While stress may be ongoing and even chronic in nature, trauma is usually sudden and severe. Trauma is a shock to the system that can leave both your body and your mind reeling. Researchers are now looking into how trauma actually can change brain function.

This has direct implications for depression. Feelings of hopelessness and despair may arise after a traumatic incident, and these are symptoms of depression. Both children and adults can experience trauma, but childhood trauma is especially insidious.

Childhood Trauma and Depression

In 2005, the Journal of Family Practice reported that “Childhood trauma may lead to neurobiologically unique mood disorders.” The research indicates that stress and trauma, incurred during childhood, have long-lasting effects on brain development. Those effects, according to the Journal of Clinical Psychiatry (2004), are long-term changes in various neurotransmitter systems.

As you read earlier, scientists rely to a great extent on twin studies, as they formulate theories that apply to larger populations. Some twin studies have now proven that trauma experienced in childhood, such as child abuse and child neglect, as well as the death of a parent, are predictors of major depression.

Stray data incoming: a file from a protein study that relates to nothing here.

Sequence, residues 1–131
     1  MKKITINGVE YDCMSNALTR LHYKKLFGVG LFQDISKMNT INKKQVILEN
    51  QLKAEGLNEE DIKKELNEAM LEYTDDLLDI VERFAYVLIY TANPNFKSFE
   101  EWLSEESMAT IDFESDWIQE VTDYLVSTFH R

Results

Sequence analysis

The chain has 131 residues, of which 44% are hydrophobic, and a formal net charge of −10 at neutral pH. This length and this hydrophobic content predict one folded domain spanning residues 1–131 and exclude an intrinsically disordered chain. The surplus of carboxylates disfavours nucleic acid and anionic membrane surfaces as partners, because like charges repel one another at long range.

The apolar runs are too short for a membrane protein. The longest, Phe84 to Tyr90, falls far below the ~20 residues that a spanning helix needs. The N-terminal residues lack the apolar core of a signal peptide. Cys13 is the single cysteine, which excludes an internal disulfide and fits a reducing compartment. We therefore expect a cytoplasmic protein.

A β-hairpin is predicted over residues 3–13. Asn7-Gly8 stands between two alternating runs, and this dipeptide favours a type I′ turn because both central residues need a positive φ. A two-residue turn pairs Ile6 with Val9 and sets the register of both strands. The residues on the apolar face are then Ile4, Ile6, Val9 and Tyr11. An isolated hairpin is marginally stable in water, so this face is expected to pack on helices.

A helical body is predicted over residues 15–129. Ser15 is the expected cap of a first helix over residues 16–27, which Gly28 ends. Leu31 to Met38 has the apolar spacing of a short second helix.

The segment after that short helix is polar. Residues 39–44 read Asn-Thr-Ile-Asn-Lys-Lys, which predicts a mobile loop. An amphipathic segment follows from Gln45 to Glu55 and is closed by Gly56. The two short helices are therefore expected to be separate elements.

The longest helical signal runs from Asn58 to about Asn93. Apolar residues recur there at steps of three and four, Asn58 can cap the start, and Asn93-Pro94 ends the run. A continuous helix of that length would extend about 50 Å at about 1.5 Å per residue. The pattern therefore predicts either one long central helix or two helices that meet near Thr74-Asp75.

Further, depressed women who experienced sexual abuse as children experienced earlier onset of depressive symptoms than did women who had not been abused as children.

Adult Trauma and Depression

You've read that certain medical conditions can occur in tandem. For example, alcohol dependency may go hand in hand with depression. Likewise, post-traumatic stress disorder (PTSD), an anxiety disorder, may accompany depression. If you've been the victim of a sexual assault, an automobile accident, or a natural disaster, for instance, the feelings of helplessness you felt during the experience may linger on.

If you find yourself dwelling on the incident to the point that you are unable to get beyond it and resume your normal life, you may find that you're now suffering from depression, as well as PTSD. Seeking relief from the symptoms of depression that have developed as a result of trauma can free you to address the anxiety disorder that accompanied the depression.

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